[BOOK REVIEW]A historical mystery in old Joseon"Everlasting Empire," written by Yi In-hwa and translated by Yu Young-nan, elicits a range of responses from readers. As part mystery and part historical account of the factional infighting and political struggles of the Korean Joseon dynasty, the story unfolds before us with the narrator happening upon an old manuscript written in Chinese characters. This narrator translates the manuscript into Korean and occasionally inserts himself into the text to offer explanations of political terms and historical figures.
The story that is translated is about the writer of the manuscript, Librarian Yi In-mong, who opens his tale with the death of the Royal Book Examiner and subsequent events that lead to a search for a truth hidden by more deaths and schemes.
Who is scheming and who is not? Who is telling the truth and who is not? Through the lens of a provincial southerner, Yi In-mong, the task of locating the truth is a difficult yet suspenseful task, hinged on the whereabouts of different manuscripts that may or may not exist. In the search for these manuscripts, the blur and exchange between dichotomies such as dreams and reality, fiction and history, knowledge and ignorance, truth and falsehood, past and present, existence and nonexistence, and, ultimately, what is mutable and immutable, is what makes Yi's storytelling so compelling.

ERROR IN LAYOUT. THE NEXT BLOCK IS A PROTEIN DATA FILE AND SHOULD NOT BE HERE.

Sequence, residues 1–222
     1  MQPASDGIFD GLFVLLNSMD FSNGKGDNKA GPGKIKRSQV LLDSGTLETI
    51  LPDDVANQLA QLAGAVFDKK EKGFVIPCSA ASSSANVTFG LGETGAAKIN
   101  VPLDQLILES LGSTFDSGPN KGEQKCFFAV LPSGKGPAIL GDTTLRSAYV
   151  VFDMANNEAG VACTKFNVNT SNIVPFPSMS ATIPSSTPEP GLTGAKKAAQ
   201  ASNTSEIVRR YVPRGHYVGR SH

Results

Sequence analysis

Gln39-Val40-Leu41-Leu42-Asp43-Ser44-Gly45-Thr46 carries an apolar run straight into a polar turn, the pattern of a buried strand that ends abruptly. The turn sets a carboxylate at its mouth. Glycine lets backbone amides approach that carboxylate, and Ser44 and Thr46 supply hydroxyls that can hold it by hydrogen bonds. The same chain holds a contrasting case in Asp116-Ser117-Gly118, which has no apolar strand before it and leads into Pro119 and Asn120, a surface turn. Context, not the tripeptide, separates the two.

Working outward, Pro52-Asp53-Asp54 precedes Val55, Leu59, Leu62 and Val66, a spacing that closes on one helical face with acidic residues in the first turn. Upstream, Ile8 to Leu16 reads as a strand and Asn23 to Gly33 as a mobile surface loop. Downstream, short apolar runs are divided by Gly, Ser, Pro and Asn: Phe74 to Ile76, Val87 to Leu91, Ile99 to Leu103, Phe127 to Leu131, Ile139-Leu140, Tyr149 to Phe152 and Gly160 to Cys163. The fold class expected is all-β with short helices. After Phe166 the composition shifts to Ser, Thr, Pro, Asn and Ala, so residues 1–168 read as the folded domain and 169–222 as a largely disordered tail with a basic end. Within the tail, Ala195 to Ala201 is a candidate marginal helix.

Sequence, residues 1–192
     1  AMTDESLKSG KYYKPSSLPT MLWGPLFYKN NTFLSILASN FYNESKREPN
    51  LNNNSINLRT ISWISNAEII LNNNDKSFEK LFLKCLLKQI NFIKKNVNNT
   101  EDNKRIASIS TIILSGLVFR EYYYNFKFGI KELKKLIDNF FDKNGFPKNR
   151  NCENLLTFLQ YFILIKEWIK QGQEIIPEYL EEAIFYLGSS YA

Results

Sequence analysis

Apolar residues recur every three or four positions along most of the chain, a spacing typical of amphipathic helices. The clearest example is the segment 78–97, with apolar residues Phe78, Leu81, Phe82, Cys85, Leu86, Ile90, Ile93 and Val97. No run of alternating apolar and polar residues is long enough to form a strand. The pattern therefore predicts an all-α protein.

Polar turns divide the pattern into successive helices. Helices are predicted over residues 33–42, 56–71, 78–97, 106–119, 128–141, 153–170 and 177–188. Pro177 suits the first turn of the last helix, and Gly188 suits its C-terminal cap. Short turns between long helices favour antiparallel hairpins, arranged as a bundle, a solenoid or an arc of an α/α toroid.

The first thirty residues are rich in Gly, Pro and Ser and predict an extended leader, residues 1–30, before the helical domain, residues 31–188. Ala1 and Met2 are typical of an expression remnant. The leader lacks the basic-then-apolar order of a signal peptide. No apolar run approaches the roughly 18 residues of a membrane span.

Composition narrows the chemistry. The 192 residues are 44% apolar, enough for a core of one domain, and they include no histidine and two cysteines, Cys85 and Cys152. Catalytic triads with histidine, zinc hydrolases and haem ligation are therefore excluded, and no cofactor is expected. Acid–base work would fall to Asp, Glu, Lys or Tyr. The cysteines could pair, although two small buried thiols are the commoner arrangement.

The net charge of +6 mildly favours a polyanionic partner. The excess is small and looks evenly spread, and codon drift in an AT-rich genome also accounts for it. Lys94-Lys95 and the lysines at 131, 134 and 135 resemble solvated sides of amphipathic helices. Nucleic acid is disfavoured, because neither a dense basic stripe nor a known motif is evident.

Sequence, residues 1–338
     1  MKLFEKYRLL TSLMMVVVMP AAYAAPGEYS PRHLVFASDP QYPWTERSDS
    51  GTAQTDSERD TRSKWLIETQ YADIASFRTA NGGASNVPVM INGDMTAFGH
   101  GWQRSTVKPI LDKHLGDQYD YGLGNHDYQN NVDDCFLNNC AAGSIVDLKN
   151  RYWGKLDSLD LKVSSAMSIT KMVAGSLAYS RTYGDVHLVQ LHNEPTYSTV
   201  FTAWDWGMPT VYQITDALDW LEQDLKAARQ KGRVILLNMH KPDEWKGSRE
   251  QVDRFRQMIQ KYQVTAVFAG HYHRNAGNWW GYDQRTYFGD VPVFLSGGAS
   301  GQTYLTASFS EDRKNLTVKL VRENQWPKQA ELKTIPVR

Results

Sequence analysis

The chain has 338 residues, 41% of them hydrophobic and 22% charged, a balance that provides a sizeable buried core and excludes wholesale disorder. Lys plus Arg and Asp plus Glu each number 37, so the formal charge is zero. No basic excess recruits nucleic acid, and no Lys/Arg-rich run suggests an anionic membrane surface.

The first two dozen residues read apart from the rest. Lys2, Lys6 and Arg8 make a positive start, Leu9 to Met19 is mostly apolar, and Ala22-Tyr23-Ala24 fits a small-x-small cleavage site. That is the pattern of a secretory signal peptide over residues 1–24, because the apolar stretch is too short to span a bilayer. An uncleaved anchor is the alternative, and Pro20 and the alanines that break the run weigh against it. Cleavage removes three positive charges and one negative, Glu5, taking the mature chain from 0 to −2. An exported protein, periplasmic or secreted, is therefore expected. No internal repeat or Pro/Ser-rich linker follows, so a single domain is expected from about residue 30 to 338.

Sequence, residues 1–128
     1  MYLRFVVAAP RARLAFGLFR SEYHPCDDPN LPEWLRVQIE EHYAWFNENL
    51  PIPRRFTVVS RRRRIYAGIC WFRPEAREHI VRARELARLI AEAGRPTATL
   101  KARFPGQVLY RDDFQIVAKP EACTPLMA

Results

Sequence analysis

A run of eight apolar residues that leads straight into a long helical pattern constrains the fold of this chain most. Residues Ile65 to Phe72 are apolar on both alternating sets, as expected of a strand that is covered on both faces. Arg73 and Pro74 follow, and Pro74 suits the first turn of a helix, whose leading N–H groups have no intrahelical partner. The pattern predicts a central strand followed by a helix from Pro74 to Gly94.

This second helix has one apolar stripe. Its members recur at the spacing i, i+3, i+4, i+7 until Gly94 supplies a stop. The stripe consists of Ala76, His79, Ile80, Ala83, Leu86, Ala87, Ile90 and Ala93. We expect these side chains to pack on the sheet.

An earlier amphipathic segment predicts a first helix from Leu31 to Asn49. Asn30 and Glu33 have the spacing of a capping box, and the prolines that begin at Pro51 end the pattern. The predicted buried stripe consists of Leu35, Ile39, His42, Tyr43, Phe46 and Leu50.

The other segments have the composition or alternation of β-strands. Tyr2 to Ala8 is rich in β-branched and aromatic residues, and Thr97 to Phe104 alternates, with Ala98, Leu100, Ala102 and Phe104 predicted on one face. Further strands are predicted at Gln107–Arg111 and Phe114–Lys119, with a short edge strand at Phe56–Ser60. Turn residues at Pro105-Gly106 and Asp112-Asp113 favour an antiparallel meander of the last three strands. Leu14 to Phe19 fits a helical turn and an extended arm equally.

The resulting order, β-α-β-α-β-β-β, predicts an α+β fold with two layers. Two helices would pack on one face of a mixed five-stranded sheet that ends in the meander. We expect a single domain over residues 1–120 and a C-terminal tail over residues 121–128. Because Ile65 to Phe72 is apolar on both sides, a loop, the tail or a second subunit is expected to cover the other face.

Having read both the English translation and Korean original, I was surprised to find the translation -- for which Ms. Yu won the Daesan Foundation prize -- more accessible. Donald Baker's introduction will be valuable in putting historical facts in perspective for readers unfamiliar with the historical details of the Joseon Dynasty, and the chronology, glossary and list of characters by Ms. Yu will also aid readers in keeping track of the figures involved.
by Mary Kim